Kazunori Kado, a professor at the Hokkaido University of Education, Asahikawa Campus, has argued that excessive spending was the main reason for the company's financial collapse. Investments in the construction of the Tohoku Shinkansen pushed it beyond its limits, he said in a thesis.
The company's financial soundness was further undermined by the government's policy of curbing fare increases until the mid-1970s.
With its finances in a shambles, JNR eventually raised train fares by 50% in 1976, a desperate move that backfired, driving customers away and putting JNR into a worse position. Total debt ballooned to 37 trillion yen at the time of privatization, forcing it to spend more than 1 trillion yen annually to service the debt.
Each year the company received 600 billion yen to 700 billion yen of state subsidies. But the funds did little to address the root problems.
Eventually, the government took over JNR's debt after it was turned into the Japan Railways group of private-sector companies. The government spent 24 trillion yen from its general-account budget to pay off part of the debt, but at the end of fiscal 2015, there was still 17.7 trillion yen of JNR debt to pay back. The debt has thus been shifted to future generations of taxpayers.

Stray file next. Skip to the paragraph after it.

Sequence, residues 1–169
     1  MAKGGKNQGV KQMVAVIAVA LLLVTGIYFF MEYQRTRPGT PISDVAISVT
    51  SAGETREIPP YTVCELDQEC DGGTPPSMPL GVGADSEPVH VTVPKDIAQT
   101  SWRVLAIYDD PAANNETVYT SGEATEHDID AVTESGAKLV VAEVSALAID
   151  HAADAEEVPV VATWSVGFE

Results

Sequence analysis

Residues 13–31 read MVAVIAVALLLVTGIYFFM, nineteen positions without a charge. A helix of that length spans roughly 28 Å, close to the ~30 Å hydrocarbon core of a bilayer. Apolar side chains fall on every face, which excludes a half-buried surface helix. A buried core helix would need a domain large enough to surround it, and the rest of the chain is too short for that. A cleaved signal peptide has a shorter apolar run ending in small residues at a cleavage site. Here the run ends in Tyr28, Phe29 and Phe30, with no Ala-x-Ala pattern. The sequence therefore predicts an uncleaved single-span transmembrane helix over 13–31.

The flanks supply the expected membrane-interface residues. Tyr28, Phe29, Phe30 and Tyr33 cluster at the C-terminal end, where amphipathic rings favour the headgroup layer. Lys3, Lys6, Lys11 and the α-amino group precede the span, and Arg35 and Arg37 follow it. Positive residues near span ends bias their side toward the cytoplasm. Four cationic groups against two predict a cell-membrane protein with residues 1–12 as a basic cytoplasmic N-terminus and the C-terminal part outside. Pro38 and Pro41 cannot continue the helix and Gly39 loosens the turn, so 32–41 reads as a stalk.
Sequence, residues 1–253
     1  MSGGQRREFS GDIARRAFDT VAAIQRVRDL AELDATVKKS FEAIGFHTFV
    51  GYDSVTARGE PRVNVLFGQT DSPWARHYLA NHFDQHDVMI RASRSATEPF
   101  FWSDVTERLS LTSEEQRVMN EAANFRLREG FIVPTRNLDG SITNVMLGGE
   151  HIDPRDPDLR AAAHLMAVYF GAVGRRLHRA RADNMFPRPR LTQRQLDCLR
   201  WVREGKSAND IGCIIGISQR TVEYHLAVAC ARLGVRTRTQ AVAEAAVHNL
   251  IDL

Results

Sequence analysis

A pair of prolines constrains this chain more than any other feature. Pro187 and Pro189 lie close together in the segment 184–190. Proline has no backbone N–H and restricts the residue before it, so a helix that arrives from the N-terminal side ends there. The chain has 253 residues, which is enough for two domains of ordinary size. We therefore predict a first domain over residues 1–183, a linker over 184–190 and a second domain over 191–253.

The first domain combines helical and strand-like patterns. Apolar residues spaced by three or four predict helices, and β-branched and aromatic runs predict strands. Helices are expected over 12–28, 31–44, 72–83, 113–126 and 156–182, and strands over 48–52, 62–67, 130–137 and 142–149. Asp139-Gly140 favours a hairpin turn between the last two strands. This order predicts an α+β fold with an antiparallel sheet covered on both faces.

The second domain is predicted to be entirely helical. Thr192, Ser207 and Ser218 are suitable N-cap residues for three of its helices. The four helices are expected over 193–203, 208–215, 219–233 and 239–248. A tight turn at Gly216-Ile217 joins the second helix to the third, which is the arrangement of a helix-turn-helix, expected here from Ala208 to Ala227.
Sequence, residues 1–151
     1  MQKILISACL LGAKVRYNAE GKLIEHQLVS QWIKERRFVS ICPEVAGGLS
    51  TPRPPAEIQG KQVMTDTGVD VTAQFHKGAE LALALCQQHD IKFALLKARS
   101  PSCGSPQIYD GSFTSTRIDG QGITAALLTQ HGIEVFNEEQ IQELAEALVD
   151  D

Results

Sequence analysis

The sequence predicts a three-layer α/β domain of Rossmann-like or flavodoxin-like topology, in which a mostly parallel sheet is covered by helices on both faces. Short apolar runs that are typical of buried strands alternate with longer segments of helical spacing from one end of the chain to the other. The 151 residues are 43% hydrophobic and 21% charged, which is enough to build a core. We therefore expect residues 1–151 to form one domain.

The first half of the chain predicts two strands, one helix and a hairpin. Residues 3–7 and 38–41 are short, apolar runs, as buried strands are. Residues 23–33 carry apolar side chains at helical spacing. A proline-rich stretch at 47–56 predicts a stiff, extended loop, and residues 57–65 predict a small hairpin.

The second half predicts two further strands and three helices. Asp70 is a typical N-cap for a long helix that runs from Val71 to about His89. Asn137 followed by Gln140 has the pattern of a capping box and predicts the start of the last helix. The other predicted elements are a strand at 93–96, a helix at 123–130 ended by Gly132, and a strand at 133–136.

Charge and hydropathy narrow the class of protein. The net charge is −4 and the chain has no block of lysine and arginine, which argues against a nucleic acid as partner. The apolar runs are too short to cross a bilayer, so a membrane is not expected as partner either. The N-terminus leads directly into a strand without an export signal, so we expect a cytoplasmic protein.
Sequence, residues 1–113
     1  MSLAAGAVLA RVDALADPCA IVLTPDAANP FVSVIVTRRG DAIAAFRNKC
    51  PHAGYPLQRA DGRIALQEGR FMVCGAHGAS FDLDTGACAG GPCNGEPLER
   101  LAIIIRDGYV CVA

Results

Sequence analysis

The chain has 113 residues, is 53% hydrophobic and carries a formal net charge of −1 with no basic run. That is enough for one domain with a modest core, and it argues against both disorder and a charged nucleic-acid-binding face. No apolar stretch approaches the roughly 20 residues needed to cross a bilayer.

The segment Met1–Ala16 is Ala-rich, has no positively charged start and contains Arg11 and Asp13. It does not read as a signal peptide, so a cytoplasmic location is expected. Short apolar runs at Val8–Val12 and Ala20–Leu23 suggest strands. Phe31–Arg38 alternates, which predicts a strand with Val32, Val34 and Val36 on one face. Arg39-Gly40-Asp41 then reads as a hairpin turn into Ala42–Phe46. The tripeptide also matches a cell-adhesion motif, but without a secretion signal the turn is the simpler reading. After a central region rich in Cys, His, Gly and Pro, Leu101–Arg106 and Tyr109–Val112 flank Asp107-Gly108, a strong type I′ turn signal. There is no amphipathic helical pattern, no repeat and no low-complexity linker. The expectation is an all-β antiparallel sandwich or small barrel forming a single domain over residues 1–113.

Perhaps costs should not be the only factor in planning and evaluating such important social infrastructure projects. But there should probably have been a more careful debate about the costs of the shinkansen program.
Will Beijing similarly shift the burden of its high-speed rail program to future generations? However the story ends, China too will have to face the formidable challenge of dealing with a towering debt from its high-speed rail program.